3. Public Key
    The public key is a uniquely generated pair of cryptographic codes during the first-ever transaction with a cryptocurrency.
    The public key, as the name suggests, is public and can be accessed by anyone on the network. The public key of the recipient is used by the sender to transfer the funds to their wallet.
  4. Private Key
    The private key is a uniquely generated pair of cryptographic codes during the first-ever transaction with a cryptocurrency.
    A private key is like a password to your account which is kept secret at all times. A private key is used to authorize transactions. A public key is derived from the private key using a sophisticated cryptographic algorithm.
  5. Digital Signature
    A digital signature is a cryptographic mechanism used to verify the authenticity and integrity of the digital data.
    The private key is used to sign the transaction and the receiver can validate it using the public key which is attached along by the sender.

Mining is the process of validating a candidate block using the Proof-of-Work consensus mechanism before adding it to the blockchain. Mining is carried out by the special nodes called miners.

Miners in a blockchain network utilize their time and processing power to solve computationally expensive cryptographic hard puzzles.

Upon solving the puzzle, the block is verified and added to the blockchain and reward is given to the miner node.

A node is a computer/device that communicates with the blockchain platform and is connected with every other node to form a network. Every blockchain platform has different types of nodes.

Bitcoin Blockchain has four types of nodes: full nodes, supernodes, light nodes, and mining nodes.

  1. Mining Nodes — These nodes produce blocks for mining.
  2. Full Nodes — These nodes maintain and distribute the copies of the entire blockchain ledger.
  3. Super Nodes — They connect full nodes to each other and acts as information or redistribution relays to ensure everyone has the correct copy of the blockchain.
  4. Light Nodes or Thin Nodes — These are similar to the full nodes except they only store a very small portion of the blockchain and usually connect to the parent node or the full node.

Ethereum Blockchain has two types of nodes: full nodes and light nodes.

  1. Full Nodes — These nodes verify the block that is broadcast into the network as per the rules defined in the Ethereum specifications.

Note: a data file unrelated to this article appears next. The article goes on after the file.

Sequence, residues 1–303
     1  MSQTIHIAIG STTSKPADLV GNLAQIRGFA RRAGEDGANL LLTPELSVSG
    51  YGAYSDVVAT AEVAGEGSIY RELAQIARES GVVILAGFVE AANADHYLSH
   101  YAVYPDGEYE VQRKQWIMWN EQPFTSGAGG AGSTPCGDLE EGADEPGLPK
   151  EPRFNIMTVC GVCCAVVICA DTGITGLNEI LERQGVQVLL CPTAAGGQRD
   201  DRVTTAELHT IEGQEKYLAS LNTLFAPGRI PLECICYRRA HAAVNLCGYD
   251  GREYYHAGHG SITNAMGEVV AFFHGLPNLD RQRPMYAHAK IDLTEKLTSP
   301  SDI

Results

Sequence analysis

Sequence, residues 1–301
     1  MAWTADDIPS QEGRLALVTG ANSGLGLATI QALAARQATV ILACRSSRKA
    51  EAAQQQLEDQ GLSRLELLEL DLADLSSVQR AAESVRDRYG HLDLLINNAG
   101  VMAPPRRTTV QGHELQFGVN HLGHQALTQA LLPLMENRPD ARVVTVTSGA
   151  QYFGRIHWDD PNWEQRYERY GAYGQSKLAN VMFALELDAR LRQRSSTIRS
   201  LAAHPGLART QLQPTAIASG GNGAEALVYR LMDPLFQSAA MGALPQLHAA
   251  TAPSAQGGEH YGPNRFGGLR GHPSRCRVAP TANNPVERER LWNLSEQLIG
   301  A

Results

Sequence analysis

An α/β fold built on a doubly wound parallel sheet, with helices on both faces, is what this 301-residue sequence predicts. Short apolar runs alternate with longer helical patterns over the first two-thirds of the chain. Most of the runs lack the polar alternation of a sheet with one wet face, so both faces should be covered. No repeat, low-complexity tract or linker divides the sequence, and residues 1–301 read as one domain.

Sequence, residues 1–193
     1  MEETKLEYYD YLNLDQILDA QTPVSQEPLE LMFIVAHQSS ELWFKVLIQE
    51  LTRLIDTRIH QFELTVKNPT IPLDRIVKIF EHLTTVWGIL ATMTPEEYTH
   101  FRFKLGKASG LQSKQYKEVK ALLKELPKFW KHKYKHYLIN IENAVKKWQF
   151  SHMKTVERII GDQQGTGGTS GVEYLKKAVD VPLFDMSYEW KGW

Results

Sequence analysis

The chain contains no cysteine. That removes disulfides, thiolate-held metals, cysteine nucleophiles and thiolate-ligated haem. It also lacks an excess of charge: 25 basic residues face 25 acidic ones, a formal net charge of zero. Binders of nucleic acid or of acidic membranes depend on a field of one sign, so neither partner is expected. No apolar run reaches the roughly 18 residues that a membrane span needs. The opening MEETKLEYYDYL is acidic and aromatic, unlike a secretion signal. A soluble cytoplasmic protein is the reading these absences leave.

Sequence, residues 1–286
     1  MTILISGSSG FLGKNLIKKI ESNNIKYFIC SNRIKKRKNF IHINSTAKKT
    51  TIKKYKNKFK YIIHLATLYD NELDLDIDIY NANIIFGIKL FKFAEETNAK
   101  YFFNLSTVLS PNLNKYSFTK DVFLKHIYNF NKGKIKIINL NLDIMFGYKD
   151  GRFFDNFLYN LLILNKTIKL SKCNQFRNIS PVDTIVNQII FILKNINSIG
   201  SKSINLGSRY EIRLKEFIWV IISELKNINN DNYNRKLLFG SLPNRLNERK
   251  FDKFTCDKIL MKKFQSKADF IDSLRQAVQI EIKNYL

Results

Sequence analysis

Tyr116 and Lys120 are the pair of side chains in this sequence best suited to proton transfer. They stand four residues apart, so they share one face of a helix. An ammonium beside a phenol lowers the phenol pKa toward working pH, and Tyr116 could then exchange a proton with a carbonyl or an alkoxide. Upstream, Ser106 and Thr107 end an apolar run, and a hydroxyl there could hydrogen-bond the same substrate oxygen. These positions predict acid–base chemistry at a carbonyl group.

2. Light Nodes — These nodes contain the partial information of the network and rely on the full nodes to fill in the missing details.

Hyperledger Fabric has three types of nodes: Orderer nodes, Peer nodes, Client nodes.

  1. Orderer Nodes — These nodes form the ordering service, i.e a communication fabric that provides delivery guarantees.
  2. Peer Nodes — These nodes commit transactions and maintain a copy of the ledger.
  3. Client Nodes — These nodes act on the behalf of the end-user, submits an actual transaction, connects to peer nodes for communicating on the blockchain and broadcast transaction-proposals to the orderer nodes.

A candidate block is a temporary block created by collecting and organizing multiple unconfirmed transaction records from a pool of such records that a miner node is trying to mine.

Upon failure of verification the candidate block is discarded and upon success added to the blockchain.

A memory pool is waiting area for unconfirmed Bitcoin transaction records maintained by a full node.

A transaction pool is waiting area for unconfirmed Ethereum transaction records stored on a special device.

A consensus mechanism is a protocol followed by all the participants in the network to reach an agreement for the authenticity of the distributed ledger.

There are various consensus algorithms:

  1. Proof-of-Work (PoW)
  2. Casper or Proof-of-Stake (PoS)
  3. Delegated Proof-of-Stake (DPoS)
  4. Proof of Elapsed Time (PoET)
  5. Proof of Authority (PoA)
  6. Delegated Byzantine Fault Tolerance (dBFT)

So, that’s all for the introduction of the blockchain. Detailed articles on each topic will be uploaded soon. Thank you for reading.